The Government argues that "one adversary should not be called upon to aid in the duties of the other."18  The Department of Justice has apparently forgotten the words of this Court in Dugan Drug Stores, Inc. v. United States, 5 Cir., 1964, 326 F.2d 835, "that in a criminal prosecution a United States attorney has a double burden the obligation to conduct the government's case zealously and the obligation to try that case fairly and with due regard to the rights of the accused." Id. at 837. More than that, such a simplistic approach ignores the burden including financial burdens imposed on the prosecution not infrequently on a constitutional basis to assure a fair trial on the merits, Brady v. Maryland, 1963, 373 U.S. 83, 87, 83 S. Ct. 1194, 1196, 10 L. Ed. 2d 215, 218, and to ameliorate the disparities in the quality of defense between those who can and those who cannot afford the resource sought. See Douglas v. California, 1963, 372 U.S. 353, 355, 83 S. Ct. 814, 815, 9 L. Ed. 2d 811, 813; Griffin v. Illinois, 1956, 351 U.S. 12, 17-18, 76 S. Ct. 585, 100 L. Ed. 2d 891; Dorrough v. Estelle, 5 Cir., 1974,497 F.2d 1007, 1010; Byrd v. Smith, 5 Cir., 1969, 407 F.2d 363, 365.

We do not imply that the Department of Justice must always supply a transcript for the indigent defendant. Indeed, this case presents a very narrow problem. It is not the question whether there is a need. No one challenges that. It is not a question of whether the Court can compel production.19  Nor is it even a question of whether the Government has to pay for that which the trial court reasonably concludes is needed. That much is reflected in the substantive principles and in the strong policy of CJA to furnish counsel and services to those unable to procure them so as to place such criminal defendant in a nearly equal position with a defendant who can pay. United States v. Tate, 6 Cir., 1969, 419 F.2d 131, 132; accord, United States v. Bass, 9 Cir., 1973, 477 F.2d 723, 725; United States v. Maret, 8 Cir., 1970, 433 F.2d 1064, 1069, cert. denied, 1971, 402 U.S. 989, 91 S. Ct. 1678, 29 L. Ed. 2d 155.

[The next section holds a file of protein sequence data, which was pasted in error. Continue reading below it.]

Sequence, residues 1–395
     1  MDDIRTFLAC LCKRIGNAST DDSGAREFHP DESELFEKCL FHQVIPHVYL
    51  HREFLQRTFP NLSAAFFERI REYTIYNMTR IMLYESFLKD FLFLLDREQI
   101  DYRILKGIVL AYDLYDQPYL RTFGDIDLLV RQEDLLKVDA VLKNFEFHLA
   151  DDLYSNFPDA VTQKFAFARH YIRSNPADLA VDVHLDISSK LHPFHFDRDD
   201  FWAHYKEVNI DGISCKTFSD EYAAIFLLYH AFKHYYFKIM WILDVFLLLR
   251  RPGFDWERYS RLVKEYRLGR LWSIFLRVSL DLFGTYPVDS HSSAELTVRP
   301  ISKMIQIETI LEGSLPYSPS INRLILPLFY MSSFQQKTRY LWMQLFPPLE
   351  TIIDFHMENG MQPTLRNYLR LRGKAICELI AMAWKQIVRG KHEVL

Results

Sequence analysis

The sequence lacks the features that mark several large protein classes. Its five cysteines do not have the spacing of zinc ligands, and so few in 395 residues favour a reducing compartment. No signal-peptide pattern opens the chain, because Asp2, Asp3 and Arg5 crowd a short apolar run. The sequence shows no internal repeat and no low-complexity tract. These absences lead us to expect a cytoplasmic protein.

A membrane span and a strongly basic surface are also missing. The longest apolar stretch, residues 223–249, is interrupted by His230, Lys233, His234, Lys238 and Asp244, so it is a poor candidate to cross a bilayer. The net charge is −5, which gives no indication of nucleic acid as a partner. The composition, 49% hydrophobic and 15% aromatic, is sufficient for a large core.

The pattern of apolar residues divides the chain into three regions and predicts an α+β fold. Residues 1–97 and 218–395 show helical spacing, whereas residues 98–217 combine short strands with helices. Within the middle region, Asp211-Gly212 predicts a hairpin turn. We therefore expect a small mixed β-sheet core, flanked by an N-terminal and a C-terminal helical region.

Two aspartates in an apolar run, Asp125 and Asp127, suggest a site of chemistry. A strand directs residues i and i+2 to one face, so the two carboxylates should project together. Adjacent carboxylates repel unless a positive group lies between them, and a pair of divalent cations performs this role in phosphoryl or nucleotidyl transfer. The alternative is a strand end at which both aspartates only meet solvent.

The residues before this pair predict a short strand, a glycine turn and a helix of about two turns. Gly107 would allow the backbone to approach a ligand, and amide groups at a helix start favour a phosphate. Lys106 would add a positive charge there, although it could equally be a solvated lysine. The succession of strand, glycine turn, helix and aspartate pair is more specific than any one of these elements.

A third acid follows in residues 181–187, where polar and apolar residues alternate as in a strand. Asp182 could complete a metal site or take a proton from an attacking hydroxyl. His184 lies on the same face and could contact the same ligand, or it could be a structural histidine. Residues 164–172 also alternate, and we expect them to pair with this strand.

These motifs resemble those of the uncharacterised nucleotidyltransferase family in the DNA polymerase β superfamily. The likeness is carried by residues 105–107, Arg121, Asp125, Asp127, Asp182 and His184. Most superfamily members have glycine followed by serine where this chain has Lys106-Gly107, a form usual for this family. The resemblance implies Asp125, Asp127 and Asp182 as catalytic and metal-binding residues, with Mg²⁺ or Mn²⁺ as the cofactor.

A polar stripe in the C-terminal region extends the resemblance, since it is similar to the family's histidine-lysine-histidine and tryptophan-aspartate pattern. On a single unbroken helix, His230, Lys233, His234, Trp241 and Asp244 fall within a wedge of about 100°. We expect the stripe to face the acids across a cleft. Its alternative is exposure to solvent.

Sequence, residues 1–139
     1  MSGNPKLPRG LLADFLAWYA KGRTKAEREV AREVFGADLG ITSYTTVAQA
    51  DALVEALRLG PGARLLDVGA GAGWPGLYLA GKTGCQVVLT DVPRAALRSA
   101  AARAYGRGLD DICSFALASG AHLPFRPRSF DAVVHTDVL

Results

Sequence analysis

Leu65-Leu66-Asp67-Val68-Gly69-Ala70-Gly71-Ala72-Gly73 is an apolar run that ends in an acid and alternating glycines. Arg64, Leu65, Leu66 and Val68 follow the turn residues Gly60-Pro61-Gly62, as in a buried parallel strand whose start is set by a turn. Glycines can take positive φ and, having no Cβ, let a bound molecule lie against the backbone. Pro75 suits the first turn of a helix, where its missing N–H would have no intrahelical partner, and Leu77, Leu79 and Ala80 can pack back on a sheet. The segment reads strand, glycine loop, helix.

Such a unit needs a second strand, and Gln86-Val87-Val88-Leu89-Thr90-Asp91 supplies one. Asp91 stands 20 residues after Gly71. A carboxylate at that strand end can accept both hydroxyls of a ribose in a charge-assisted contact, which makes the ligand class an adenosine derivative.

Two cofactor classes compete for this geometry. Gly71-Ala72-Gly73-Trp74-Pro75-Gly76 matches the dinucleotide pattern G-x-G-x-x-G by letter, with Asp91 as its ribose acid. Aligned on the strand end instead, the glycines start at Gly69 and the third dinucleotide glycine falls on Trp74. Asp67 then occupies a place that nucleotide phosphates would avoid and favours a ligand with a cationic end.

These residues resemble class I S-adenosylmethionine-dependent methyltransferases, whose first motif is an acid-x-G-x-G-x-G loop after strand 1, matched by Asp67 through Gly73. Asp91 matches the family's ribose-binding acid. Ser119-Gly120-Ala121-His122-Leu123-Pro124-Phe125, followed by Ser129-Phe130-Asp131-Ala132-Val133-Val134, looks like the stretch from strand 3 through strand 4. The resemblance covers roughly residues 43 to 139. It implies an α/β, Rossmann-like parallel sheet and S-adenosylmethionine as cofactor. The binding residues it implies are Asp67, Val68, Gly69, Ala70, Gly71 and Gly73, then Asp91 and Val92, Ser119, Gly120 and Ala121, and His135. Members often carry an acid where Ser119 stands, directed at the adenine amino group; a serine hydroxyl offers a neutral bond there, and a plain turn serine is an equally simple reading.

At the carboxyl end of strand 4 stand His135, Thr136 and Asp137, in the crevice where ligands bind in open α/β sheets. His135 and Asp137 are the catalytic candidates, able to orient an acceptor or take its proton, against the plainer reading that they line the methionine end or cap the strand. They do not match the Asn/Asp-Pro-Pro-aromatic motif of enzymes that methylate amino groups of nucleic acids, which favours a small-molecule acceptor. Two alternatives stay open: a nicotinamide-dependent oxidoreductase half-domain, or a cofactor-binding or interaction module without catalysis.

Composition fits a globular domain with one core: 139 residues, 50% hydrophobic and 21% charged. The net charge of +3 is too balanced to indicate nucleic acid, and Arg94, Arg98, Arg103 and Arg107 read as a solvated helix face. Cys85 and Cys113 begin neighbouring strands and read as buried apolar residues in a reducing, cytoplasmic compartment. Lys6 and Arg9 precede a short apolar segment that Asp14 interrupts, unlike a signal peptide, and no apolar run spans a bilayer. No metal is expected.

Rather the case presents the limited question of which appropriation that of the Department of Justice or the Administrative Office is to be the purse from which payment is to be made. Consequently the case is one that should never have reached this Court, at least not in its present form. This intramural struggle should not come before us until internal administrative efforts completely fail. See Geisser v. United States, 5 Cir., 1975, 513 F.2d 862, 869. In the meantime, the needs of the defendants could not wait. The District Court, considering the particular circumstances of this case, was entitled to invoke, as effective sanction, dismissal of the indictment. See United States v. Jackson, 7 Cir., 1975, 508 F.2d 1001, 1008.



The indictment also states a violation of 21 U.S.C.A. § 953. This is apparently erroneous and the government may have intended to indict under § 963